Chromatic aberration that affects certain camera lenses resulting in image quality issues. But what is chromatic aberration and how do we stop it appearing in images?
In this article I will look at the common causes of chromatic aberration so that we can stop it from happening in camera.
I will also demonstrate 3 ways remove Chromatic Aberration from images in Photoshop, Lightroom and Luminar.
Chromatic aberration can also be referred to as ‘colour fringing’. It can occur when the lens is unable to focus on the different waves of light.
Ultimately, you are most at risk of chromatic aberration when shooting in a high contrast area, on a bright sunny day. As a result, the image can be left with a halo or fringe of colour around an object.
Chromatic aberration generally occurs around objects, such as tops of trees, that are in a high contrast area. Within the object the colours are more similar so there is less chance of this happening.
I am sure you’re aware that the camera lens sees light in a similar way to the human eye. If you think of a rainbow for example, you can see the spectrum of colours within the light wavelength.
When the light hits the lens glass it is refracted where the rays then change direction or bend.
Chromatic aberration is caused by the sensor ‘misplacing’ certain coloured wavelengths. Generally, these colours tend to be in purple or blue hues, though it may vary. It can also arise when the light rays do not converge back together at the same point.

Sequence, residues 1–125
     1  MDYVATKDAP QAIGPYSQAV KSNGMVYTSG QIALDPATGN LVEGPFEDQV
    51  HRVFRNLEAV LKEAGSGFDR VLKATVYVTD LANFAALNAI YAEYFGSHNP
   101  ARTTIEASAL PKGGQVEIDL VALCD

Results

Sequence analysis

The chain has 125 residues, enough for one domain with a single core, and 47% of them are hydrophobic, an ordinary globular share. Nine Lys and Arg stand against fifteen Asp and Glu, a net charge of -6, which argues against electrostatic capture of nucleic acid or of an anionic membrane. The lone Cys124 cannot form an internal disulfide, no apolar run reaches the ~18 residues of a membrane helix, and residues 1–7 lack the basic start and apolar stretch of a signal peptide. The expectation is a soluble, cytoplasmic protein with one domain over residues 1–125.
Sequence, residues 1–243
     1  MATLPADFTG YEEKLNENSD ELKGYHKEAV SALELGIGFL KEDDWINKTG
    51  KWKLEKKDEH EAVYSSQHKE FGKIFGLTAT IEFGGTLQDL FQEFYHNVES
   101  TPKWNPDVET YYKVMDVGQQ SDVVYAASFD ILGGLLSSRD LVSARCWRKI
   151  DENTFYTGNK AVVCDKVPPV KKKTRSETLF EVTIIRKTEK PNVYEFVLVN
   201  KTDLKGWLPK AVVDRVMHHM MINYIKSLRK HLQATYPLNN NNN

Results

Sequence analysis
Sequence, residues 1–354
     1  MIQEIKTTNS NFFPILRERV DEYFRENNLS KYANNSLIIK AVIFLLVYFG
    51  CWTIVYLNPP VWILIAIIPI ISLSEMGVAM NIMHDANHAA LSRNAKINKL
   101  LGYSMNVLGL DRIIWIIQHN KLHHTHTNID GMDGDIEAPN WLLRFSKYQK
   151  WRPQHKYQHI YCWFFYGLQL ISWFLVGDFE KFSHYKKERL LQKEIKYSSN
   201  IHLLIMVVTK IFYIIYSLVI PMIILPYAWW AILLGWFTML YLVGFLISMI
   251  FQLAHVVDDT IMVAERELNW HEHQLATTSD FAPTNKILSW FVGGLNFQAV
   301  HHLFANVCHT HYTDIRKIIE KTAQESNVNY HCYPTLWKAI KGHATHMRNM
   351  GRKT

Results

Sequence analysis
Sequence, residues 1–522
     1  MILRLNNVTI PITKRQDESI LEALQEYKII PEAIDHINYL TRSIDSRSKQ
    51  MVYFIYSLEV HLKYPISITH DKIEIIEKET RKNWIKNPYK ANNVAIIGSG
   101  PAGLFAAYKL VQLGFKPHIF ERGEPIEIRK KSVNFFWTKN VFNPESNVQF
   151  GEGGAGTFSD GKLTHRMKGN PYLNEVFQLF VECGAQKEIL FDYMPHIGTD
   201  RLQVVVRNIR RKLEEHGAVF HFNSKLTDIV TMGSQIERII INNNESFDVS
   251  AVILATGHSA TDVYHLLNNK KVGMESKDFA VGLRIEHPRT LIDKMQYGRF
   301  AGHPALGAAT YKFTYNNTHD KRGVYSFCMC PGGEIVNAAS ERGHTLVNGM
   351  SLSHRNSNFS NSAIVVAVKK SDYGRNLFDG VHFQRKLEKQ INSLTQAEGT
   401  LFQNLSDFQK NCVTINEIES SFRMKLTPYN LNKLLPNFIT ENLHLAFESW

Image: Chromatic aberration is when the light entering the lens doesn’t converge together at the focus point.
Modern lenses have new and improved glass elements that can help to redirect the light in the right way. Although this isn’t always perfect.
Relying on the glass means relying on a product that you’re probably going to have to spend a lot of money on. So how can we do this without breaking the bank?
More expensive lenses contain ED (extra dispersion) coating or super low dispersion glass which help to reduce the dispersion of light wavelengths.
There are other ways to avoid chromatic aberration without investing in an expensive new lens. Here are 3 examples of how to avoid colour fringing in your images:
Colour fringing can be difficult to see on the back of a small camera screen, particularly because it usually occurs on bright sunny days. Often, it is unavoidable to not pick up any chromatic aberration if you’re out and about enjoying the sunshine. Luckily for us, there’s a very quick fix to this; with a few clicks in post-production your colour will be back to normal!
In Photoshop, the option to remove chromatic aberration is rather hidden! However, it gives us the most control over the amount of fringing to remove. Use the eyedrop tool to select an area of your image that is showing fringing and adjust the amount from there. Be sure to check any similar colours in your image as it will affect every purple and blue hue.
Filter > Camera Raw Filter > Optics > Defringe.
Correcting colour fringing in Lightroom is very simple. There’s only a few check boxes you need to select. Using Lightroom is quick and easy as the software will automatically try it’s best to remove all chromatic aberration. You may need to take the image into Photoshop for more control.
Develop > Lens Correction > Basic > Check ‘Enable Profile Corrections’ and ‘Remove Chromatic Aberration’
Removing chromatic aberration in Luminar is one simple step but can only be applied to RAW images and not jpegs.
Lens & Geometry Tool > Remove Chromatic Aberration
Hopefully, this blog has taken away the fear factor surrounding chromatic aberration. Instead, think of it as an unwanted purple halo to your subject – much less scary and much more solvable!